I have been developing software for over 40 years. During this time, I have seen many software engineering “processes-du jour” come and go.
In my experience, success in delivering a product is entirely dependent on the experience and insight of the development team, and has almost nothing to do with the process used to develop it. Certainly, effective processes can help a good team stay organized and focused, but no amount of process can take an mediocre team and turn them into wizards.
This is particularly true when it comes to design. Design, is by its very nature, a highly creative and innovative undertaking. There is no process that can suddenly imbue a designer with an intimate understanding of the customer, domain, and available relevant technology. Acquiring the intuition that makes for effective design requires a lot of time and trial and error. It is a rare bird indeed that can design a great software system out of the gate without having walked across the burning coals of failure.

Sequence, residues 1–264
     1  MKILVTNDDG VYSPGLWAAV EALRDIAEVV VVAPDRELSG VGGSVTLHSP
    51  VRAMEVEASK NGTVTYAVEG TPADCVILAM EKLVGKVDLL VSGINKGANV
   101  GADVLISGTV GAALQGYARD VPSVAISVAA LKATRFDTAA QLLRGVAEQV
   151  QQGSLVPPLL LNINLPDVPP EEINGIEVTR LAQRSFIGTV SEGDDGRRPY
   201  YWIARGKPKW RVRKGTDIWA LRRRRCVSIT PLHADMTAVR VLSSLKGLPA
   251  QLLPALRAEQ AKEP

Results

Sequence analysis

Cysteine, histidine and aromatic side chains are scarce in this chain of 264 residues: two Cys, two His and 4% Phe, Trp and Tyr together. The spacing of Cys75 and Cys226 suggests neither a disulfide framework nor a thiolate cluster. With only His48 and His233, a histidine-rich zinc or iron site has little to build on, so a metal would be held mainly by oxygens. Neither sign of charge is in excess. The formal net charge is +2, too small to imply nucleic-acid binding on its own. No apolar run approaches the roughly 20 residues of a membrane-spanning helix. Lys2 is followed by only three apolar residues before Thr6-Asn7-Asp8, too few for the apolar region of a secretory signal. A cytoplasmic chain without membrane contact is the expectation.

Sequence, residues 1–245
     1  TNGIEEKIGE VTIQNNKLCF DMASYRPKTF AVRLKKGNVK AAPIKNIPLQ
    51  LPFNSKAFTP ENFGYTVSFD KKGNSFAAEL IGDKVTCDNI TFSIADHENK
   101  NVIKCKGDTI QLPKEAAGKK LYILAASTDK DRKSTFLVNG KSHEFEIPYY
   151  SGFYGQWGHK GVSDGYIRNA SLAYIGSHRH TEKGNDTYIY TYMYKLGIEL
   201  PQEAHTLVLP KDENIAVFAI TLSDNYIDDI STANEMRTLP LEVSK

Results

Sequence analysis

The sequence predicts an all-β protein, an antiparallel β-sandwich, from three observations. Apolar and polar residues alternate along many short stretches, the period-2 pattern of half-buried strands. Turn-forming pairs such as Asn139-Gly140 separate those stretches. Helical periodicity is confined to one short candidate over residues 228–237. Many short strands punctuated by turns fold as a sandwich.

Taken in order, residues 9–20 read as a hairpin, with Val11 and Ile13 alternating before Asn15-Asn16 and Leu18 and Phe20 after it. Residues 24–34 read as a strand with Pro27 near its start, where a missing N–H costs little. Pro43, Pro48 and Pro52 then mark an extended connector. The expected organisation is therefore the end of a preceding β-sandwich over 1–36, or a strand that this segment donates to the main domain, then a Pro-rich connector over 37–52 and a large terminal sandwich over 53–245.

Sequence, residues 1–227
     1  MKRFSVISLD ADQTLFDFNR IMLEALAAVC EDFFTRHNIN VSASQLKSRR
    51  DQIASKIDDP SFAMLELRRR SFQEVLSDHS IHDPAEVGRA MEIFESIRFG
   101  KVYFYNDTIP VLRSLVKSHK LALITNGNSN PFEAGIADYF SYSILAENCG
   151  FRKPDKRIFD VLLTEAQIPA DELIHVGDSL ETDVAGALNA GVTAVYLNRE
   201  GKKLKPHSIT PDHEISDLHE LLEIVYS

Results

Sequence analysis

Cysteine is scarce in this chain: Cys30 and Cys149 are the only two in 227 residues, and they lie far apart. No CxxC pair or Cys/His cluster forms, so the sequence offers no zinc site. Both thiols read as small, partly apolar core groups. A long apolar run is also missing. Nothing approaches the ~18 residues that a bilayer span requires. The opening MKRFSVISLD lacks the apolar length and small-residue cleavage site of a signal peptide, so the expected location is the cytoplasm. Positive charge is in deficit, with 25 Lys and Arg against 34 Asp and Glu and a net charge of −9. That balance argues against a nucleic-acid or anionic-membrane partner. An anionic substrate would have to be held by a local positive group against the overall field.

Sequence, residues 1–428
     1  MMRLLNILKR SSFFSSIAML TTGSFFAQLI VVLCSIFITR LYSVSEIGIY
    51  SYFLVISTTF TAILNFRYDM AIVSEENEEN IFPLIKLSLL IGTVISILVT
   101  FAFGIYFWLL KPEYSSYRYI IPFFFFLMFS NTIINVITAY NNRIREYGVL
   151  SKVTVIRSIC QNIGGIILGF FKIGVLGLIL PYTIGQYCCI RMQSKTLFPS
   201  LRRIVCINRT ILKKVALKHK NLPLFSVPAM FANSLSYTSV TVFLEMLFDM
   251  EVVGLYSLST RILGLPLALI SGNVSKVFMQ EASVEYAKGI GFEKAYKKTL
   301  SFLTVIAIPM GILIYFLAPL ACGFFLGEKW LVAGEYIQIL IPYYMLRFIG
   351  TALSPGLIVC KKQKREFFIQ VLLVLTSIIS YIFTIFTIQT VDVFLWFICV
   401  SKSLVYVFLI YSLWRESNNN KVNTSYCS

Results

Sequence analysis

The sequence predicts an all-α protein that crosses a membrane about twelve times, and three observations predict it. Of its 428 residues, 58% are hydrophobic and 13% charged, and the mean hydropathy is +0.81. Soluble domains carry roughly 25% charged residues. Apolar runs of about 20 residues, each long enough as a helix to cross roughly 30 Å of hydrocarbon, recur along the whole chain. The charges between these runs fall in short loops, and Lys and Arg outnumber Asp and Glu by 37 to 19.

So, in my opinion, what the author calls “Design Darwinism” is virtually unavoidable, and is actually a normal part of the design process. It is perfectly reasonable to expect getting the design right to be iterative in nature. What those iterations need to look like, well again, that depends entirely on the intuition of the designer. If that designer is omniscient, then hallelujah!, no design iteration is needed, and one is left with the far easier task of implementation. I have yet to meet such a designer.